(See endnotes 16, 17, 18, 19, 20)

In the last 35 years, there has been a sharp increase in the number of new diseases that have been found globally and have contributed significantly to adult morbidity and mortality. In addition, there has been a sharp increase in the prevalence of infectious diseases that had been thought to be eliminated or reduced to such low levels that they would no longer be a problem for people. Many of these diseases have now re-emerged in forms that are resistant to antibiotics, and therefore even more difficult to cure with existing medications. The community response to the outbreaks have been basically on a case-by-case basis at the local level, which is very inefficient, rather than looking at the long-range problems and instituting preventive and control programs at the global level.

Diseases spread quickly from sparsely inhabited areas of the world to highly concentrated areas of population, by means of infected people, animals, insects, rodents, food, and water, which may be distributed by modern modes of transportation. People are displaced by natural disasters or wars and may spread disease from their area to new places. These evacuees are more susceptible to outbreaks of disease in the typically overcrowded conditions where they seek sustenance and shelter. The constant threat of the use of biological weapons by terrorists adds enormous complications to the control of emerging and re-emerging infectious and zoonotic diseases. The best way to protect a given population is to try to eliminate or control the disease at its source rather than trying to control it once it has moved to other areas of the world.

Globalization has meant that food production, processing, and distribution of meat, poultry, dairy products, fish, shellfish, fruits and vegetables, etc., instead of coming from local areas, which are supervised by health departments, now come from many different nations where the amount of regulatory control and the actual conditions of processing and handling of the food source may be very inadequate. There also may be frequent sources of contamination such as water, sewage, soil, insects, rodents, and pesticides. There may be a lack of proper sanitation measures which are used to control oral fecal route infections on farms and at other agricultural facilities.

Emerging infectious diseases from different parts of the world are being introduced into vulnerable populations elsewhere, where the agents can be spread rapidly from person to person and there is little or no resistance build-up among the people who may become affected. An example of a process of spreading zoonotic diseases to humans is the consumption of bush meat (the flesh of wild animals dead or alive) by natives in primarily tropical areas where there is a shortage of protein. This allows the microorganisms that are usually found in the wild animals to cross the animal- human barrier and bring disease to people. As these individuals move to new areas, they take the disease processes with them and spread them to new vulnerable populations. An example of this would be HIV which probably spread from chimpanzees to people. Other examples of recently recognized emerging diseases include acanthamebiasis, ehrlichiosis, hepatitis C, hepatitis E, Lyme’s disease, and parvovirus B19.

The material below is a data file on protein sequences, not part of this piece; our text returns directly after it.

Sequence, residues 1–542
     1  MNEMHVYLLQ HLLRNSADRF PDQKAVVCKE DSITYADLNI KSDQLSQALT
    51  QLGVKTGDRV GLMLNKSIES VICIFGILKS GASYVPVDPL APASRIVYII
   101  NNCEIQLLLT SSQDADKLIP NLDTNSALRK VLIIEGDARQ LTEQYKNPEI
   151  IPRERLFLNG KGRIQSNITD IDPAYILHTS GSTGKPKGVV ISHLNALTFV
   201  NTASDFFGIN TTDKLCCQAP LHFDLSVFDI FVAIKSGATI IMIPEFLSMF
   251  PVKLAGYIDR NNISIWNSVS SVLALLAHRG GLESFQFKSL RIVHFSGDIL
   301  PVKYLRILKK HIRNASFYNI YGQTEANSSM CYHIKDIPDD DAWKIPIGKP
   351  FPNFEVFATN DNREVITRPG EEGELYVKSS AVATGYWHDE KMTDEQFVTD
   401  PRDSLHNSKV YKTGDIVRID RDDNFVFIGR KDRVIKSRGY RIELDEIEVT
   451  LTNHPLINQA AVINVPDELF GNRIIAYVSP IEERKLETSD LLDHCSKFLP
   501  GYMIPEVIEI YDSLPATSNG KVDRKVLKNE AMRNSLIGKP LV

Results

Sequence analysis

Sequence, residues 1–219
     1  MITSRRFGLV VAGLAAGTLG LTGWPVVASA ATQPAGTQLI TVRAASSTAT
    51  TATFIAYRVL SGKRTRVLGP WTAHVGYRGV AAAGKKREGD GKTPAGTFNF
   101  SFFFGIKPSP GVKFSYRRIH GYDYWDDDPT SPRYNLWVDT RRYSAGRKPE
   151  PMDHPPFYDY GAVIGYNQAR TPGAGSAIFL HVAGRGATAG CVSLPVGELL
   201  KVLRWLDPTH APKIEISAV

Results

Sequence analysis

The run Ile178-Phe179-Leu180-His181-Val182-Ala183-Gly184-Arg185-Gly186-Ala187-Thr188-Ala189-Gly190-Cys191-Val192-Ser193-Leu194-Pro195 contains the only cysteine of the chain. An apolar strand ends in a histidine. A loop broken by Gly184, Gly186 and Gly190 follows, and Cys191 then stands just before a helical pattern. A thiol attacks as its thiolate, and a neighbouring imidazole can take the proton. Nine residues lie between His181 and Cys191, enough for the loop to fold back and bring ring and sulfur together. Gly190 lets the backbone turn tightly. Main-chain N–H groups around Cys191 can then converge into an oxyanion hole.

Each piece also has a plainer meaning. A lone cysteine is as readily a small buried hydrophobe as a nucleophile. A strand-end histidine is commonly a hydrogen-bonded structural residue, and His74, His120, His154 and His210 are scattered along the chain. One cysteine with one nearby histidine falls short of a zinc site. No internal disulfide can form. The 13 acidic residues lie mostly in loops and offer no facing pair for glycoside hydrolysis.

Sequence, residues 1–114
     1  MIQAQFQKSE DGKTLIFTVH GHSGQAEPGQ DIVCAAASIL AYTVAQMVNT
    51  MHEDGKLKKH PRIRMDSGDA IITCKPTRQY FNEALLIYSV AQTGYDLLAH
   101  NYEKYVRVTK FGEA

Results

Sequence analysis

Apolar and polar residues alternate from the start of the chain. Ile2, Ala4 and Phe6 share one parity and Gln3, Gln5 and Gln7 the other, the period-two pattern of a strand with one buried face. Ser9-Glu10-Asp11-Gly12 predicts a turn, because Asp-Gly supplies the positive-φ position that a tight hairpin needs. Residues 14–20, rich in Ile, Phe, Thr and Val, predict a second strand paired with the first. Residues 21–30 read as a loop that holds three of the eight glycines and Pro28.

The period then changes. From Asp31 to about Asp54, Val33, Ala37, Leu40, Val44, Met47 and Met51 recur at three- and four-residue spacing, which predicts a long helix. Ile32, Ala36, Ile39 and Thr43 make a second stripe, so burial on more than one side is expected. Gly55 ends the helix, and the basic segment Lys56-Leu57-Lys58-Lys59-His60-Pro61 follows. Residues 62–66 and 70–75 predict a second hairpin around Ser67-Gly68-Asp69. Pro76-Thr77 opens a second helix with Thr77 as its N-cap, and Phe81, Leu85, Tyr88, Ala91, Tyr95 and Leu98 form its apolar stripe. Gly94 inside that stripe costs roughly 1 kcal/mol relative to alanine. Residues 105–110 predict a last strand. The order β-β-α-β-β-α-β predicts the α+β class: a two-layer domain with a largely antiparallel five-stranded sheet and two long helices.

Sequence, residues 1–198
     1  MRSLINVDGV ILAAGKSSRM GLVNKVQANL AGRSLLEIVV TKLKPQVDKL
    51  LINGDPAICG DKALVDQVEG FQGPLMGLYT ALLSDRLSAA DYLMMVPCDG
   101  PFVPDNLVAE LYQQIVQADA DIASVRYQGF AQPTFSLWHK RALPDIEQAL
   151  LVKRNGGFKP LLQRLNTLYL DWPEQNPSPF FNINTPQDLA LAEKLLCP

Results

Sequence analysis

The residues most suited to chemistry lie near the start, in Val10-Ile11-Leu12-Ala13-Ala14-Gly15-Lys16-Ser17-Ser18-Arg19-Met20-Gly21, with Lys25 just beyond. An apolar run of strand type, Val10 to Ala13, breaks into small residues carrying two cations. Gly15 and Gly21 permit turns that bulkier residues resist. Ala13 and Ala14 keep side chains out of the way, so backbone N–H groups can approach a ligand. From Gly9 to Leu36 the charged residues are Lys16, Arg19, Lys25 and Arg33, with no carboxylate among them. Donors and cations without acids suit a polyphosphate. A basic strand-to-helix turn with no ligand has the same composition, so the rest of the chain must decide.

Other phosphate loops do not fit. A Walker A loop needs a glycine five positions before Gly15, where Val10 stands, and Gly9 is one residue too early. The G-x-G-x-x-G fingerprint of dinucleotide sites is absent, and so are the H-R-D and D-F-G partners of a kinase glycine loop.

Global warming is another concern for the spread of emerging infections or the re-emergence of infectious diseases. Although yellow fever and malaria have been virtually eliminated from the United States, increasing temperatures are making new areas of the country vulnerable to the growth of the mosquitoes which cause these diseases. In 2007, more than 100 residents of Ravenna, Italy, fell sick with the tropical disease chikungunya fever as the virus which typically was found in tropical regions around the Indian Ocean, had moved to northern areas because of the migration of the tiger mosquito.

The re-emergence of certain infectious diseases throughout the world is probably due to several factors including how humans live and utilize the environment; changes in technology that affect industry and the byproducts of industry; development and overuse of land; international travel and commerce; microbial adaptation and evolution; overuse of antibiotics; and a reduction in the use of public health controls. There has been a re-emergence of drug-resistant tuberculosis after more than 100 years of decline in the incidence of the disease. Staphylococcus aureus which was in decline because of the use of antibiotics has developed a highly resistant vancomycin-resistant strain of the organism. Other examples of re-emerging diseases include: anthrax, botulism, dengue fever, infection with Escherichia coli, hepatitis, shigellosis, etc.

Emerging and re-emerging infectious diseases may be delivered to unprepared areas by the use of biological weapons used by terrorists. Bioterrorism is the deliberate release of viruses and/or bacteria in order to cause sickness or death to people, animals, or plants. A variety of organisms may be utilized. See Chapter 5 on “Environmental Health Emergencies, Disasters, and Terrorism.”

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